As I am sure you either know or have been told, summers are busy times for teachers.  There are courses to take, plans to make, classrooms to decorate, and hopefully, at least a little bit of wonderful rest, relaxation and adventure.  I am not here to complain about that time I take planning and prepping for the new year. Sure it would be nice to be paid for that time, but somehow, being on your own time, gives you permission to think for yourself, try new things, learn what you want to learn.  I like that.  I also love that as a teacher, I get a chance to start new every year.  Even though it might be easier to do the same thing every year, that really rarely is a possibility with changing standards, changing needs etc.  The fact is, we have a new set of learners each year and they deserve a plan made to fit their specific needs.  All that being said, I have relished  the time to dig in and learn and try new things and get ready for a new year.

I have several goals for the new year.  Too many, really.  The needs are great, but I will need to prioritize some things and put the other ideas on hold for another year.  Here are some of my priorities for learning and sharing this year.
    http://www.flickr.com/photos/mcleod/
  • Planning to teach with technology : Looking at the big picture, having a goal or objective, backwards planning, these are all important pieces in designing the most powerful learning environment we can provide our students. I want to help teachers build a tool box with effective and engaging tools to use in teaching.  Supporting teachers as they learn to analyse these tools as resources for transforming their teaching practice is my goal.   I don't want the tool to be the target, but I also don't want it to be an extra add on.  My hope is that teachers  begin including technology as a part of their teaching strategy. A way to add value to or transform lessons in effective ways for students.  I want to help teachers start with their learning target and always consider technology as part of the path to meeting that target.  In order to do this, teachers need to be aware of many tools and be able to look at these tools open endedly so that they can see the possibilities and build lessons that are not necessarily pie in the sky, but lessons that just work for students and teachers.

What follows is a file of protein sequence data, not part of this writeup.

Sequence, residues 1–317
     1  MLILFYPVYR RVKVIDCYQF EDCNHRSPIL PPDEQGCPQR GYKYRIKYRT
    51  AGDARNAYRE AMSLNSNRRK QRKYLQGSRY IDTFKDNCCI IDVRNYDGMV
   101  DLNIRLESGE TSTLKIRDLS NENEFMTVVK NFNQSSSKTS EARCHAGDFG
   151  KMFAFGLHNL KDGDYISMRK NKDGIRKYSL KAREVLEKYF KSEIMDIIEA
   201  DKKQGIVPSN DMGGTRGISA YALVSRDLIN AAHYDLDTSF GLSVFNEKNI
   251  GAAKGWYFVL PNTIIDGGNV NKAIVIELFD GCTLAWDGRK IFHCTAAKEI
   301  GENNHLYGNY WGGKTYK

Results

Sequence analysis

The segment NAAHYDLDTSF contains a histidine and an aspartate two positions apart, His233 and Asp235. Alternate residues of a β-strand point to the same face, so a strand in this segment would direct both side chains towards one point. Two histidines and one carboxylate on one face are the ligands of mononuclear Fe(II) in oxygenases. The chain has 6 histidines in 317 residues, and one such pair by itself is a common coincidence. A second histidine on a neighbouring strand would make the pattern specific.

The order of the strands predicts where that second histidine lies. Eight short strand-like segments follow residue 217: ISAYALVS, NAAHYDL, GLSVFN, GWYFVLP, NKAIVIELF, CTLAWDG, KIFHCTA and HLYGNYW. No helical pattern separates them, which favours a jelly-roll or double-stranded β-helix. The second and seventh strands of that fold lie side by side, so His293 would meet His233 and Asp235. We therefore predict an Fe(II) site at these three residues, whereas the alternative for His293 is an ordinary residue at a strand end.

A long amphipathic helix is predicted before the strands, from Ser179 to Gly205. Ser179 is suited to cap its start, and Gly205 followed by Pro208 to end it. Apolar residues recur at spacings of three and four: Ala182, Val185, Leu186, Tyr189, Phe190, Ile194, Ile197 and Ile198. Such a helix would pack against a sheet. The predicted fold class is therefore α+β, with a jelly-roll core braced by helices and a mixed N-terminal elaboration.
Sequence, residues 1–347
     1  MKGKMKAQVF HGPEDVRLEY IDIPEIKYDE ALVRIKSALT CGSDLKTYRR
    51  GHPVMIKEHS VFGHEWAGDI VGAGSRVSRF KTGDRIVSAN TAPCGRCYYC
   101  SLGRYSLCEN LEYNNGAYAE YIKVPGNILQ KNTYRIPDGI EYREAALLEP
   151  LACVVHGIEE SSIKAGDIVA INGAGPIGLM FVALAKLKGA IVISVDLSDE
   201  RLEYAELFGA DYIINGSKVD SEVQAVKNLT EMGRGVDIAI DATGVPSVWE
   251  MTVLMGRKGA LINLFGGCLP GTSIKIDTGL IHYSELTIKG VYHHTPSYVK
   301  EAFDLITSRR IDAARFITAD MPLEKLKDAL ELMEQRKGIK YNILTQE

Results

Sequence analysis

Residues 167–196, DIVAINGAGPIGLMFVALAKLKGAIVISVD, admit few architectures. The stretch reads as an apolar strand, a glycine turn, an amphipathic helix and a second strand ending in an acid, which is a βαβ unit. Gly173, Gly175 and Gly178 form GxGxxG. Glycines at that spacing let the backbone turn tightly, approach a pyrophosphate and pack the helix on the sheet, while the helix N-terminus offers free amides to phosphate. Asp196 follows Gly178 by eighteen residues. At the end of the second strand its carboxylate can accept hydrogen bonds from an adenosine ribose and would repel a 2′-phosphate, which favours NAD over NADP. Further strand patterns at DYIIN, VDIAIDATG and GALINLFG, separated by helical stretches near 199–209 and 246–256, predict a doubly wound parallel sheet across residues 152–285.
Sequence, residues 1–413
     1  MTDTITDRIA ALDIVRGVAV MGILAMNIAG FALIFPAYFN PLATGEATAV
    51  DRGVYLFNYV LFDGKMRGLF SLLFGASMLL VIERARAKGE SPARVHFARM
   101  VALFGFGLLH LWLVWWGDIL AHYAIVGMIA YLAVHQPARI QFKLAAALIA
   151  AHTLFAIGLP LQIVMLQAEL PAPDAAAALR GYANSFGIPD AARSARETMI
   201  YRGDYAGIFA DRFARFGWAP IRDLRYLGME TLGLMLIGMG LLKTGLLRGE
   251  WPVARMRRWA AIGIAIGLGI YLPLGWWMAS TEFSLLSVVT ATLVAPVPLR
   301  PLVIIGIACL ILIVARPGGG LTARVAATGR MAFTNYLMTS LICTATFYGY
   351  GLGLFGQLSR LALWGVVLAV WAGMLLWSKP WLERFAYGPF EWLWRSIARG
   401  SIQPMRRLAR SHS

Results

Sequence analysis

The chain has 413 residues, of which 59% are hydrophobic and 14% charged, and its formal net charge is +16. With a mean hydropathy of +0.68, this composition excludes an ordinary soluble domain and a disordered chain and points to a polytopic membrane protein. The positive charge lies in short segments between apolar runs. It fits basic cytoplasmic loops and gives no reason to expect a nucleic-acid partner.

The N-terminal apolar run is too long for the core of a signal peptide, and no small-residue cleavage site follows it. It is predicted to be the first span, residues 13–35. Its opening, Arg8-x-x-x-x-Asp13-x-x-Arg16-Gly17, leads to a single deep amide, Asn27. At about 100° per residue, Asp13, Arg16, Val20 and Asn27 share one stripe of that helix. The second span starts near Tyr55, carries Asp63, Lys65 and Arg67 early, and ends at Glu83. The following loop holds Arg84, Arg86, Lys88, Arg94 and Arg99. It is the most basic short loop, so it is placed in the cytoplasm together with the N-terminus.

• Implementing the Common Core with Technology:
    http://www.corestandards.org/
    We are all digging in and trying to get a grasp on what the Common Core State Standards mean to our teaching design and strategies.  It does not take long to notice the many references to technology, research, presentation and digital media throughout the Common Core.  Technology is definitely not an added extra, but an integral part of how students learn and successfully meet their goals to be Career and College Ready.  I hope to help teachers begin find ways to build on the technology skills students will need to be successful, not just in taking tests, but also in communicating, collaborating, creating and critical thinking. 

  • Getting Started with Google Apps for Education:
    http://www.google.com/apps/intl/en-GB/edu/
    As I mentioned in an earlier post, I am giddy with excitement about how Google Apps for Education can be a game changer in our district.  I hope to be able to help teachers build that culture of sharing and collaboration through the use of these powerful tools. 





  • The Power of Blogging:
    venspired.com
    Dean Shareski states in his article in the Huffington Post that the best way to make teachers better is for teachers to blog.  Blogging provides opportunities for you to become a reflective practitioner.  Blogging is not new to me, but I have to admit, that the last few years, my professional blog has taken a hit due to a barrage of other responsibilities.  Well, the responsibilities have not gone away, but neither has my belief gone away that blogging is a powerful learning tool for teachers and that it does indeed, help to make better teachers.  So, this year, I am committing to blogging regularly.  And not only do I think that it is a powerful tool for teachers, it is also powerful for our students and even our administrators.  So beyond my commitment to blog myself this year, I also plan on being a blogging ambassador for all learners in our schools.  
Stay tuned to future and frequent blogs where I will continue to share more about these goals and the opportunities I am planning on providing to help support you throughout the year.